China Reform Monitor No. 1416

Related Categories: Cybersecurity and Cyberwarfare; Democracy and Governance; Human Rights and Humanitarian Issues; International Economics and Trade; Global Health; China; Southeast Asia; Australia

VIETNAM HACKS CHINA TO OBTAIN INFO ON COVID-19
Acting on Vietnam's behalf, the cyber hacking group APT32 has hacked the email accounts of staff at China's Ministry of Emergency Management and the Wuhan city government. Seeking information on the COVID19 virus, APT32 targeted a small group of people via emails containing malicious attachments that, when opened, gave the hackers access to their victims' computers. Vietnam acted quickly; its earliest hack predated the first known COVID19 infection in that country by a week. Hanoi also sealed off its border with China, and implemented aggressive contact tracing and quarantine programs. "These attacks speak to the virus being an intelligence priority - everyone is throwing everything they've got at it," said Ben Read at the cybersecurity firm FireEye. "It shows a distrust about Chinese government announcements," said Adam Segal at the Council on Foreign Relations. (Reuters, April 22, 2020)

CHINA'S FTC-2000G COMBAT AIRCRAFT BAGS FIRST EXPORT CONTRACT
Guizhou Aviation Industry Corp., a subsidiary of the state-owned Aviation Industry Corp of China (AVIC), has secured its first export contract with an undisclosed Southeast Asian country for its FTC-2000G combat aircraft. Aircraft deliveries will begin in early 2021. Senior military officers from 16 Asian and African countries visited Guizhou to evaluate the FTC-2000G since its maiden flight in September 2018 and its public debut at the 2018 Airshow China in Zhuhai, Guangdong. "Two years for the FTC-2000G from its test to signing its first export contract is an unprecedented speed in the history of AVIC's made-for-export warplane development," Wang Wenfei, chairman of the Guizhou Aviation Industry Corp., has said. (Global Times, April 19, 2020)

AUSTRALIA'S CALL FOR CORONAVIRUS INVESTIGATION DRAWS CHINA'S IRE
The official People's Daily has said that Australian Prime Minister Scott Morrison deserves "a slap in the face for blaming China for the COVID19 pandemic. "The deeply troubled Morrison government is anxious to find an outlet for the domestic public's anger. They are using an old trick to try and blame China," the paper said in a house editorial. The CPC mouthpiece warned that pushing for an independent inquiry into the virus' origins will spark a travel and trade boycott. Another editorial in the official Global Times read: "The Morrison administration is spearheading this malicious campaign to frame and incriminate China with groundless conjecture and outlandish fabrications." Global Times editor Hu Xijin piled to the criticism, calling Morrison's statement "an all-out crusade against China and Chinese culture, led by Australia."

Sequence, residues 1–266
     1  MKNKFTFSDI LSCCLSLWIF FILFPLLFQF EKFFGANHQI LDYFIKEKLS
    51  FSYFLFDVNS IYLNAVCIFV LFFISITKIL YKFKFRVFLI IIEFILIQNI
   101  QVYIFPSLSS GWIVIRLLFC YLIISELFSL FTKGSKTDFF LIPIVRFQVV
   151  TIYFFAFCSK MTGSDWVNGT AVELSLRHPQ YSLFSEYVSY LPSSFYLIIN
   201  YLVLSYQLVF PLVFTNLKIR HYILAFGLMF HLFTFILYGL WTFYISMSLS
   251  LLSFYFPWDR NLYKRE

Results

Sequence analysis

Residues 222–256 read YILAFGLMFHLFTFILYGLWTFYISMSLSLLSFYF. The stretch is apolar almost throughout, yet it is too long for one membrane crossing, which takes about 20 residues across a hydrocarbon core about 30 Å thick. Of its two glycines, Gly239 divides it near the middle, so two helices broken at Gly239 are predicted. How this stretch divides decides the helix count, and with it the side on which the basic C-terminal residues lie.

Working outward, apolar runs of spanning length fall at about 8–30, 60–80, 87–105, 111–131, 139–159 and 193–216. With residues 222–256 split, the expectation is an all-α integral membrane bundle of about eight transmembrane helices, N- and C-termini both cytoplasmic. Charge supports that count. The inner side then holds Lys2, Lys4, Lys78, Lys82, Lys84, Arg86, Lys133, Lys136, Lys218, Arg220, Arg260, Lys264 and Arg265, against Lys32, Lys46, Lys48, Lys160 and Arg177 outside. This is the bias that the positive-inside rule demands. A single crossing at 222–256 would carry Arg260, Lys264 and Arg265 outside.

"Australia is always there, making trouble. It is a bit like chewing gum stuck on the sole of China's shoes," Hu declared. "Sometimes you have to find a stone to rub it off." Subsequently, when Australia's Foreign Secretary Frances Adamson called in China's ambassador to the country in order to protest the public attacks, Beijing leaked the exchange. (news.com.au, April 29, 2020)

FCC MOVES TO REVOKE LICENSES OF FOUR CHINESE TELECOM FIRMS
The Federal Communications Commission (FCC) has given the American units of China's four state-owned telecoms operators – China Telecom Corp., China Unicom, Pacific Networks Corp. and ComNet LLC – 30 days to explain why it shouldn't withdraw permission for them to operate in the United States. In a statement, the FCC said the orders "give the companies the opportunity to demonstrate that they are not subject to the influence and control of the Chinese government." FCC Chairman Ajit Pai explained: "[The orders] reflect our deep concern—one shared by the U.S. Departments of Commerce, Defense, Homeland Security, Justice and State and the U.S. Trade Representative—about these companies' vulnerability to the exploitation, influence and control of the CPC, given that they are subsidiaries of Chinese state-owned entities." A representative for China Telecom said the firm will be "sharing information with the FCC that speaks to our role as a responsible telecom company." The moves follow a finding by the Senate Permanent Subcommittee on Investigations that FCC regulators have exercised poor oversight of the Chinese carriers. Last year, the FCC denied state-owned China Mobile Ltd.'s application to operate in the U.S. (Wall Street Journal, April 24, 2020)

U.S. IMPOSES NEW RESTRICTIONS ON EXPORTS TO CHINA
The U.S. will henceforth require licenses for American companies to sell certain items, including civil aircraft components, items related to semiconductors, certain telecom equipment, radar and high-end computers, to military entities in China, even if they are for civilian use. The new rules do away with a civilian exception that had allowed the U.S. technologies to be exported without a license to a non-military entity. Another rule change would force foreign companies shipping certain American goods to China to seek approval from both their own government and the United States. "It is important to consider the ramifications of doing business with countries that have histories of diverting goods purchased from U.S. companies for military applications," Commerce Secretary Wilbur Ross has said. (Reuters, April 28, 2020)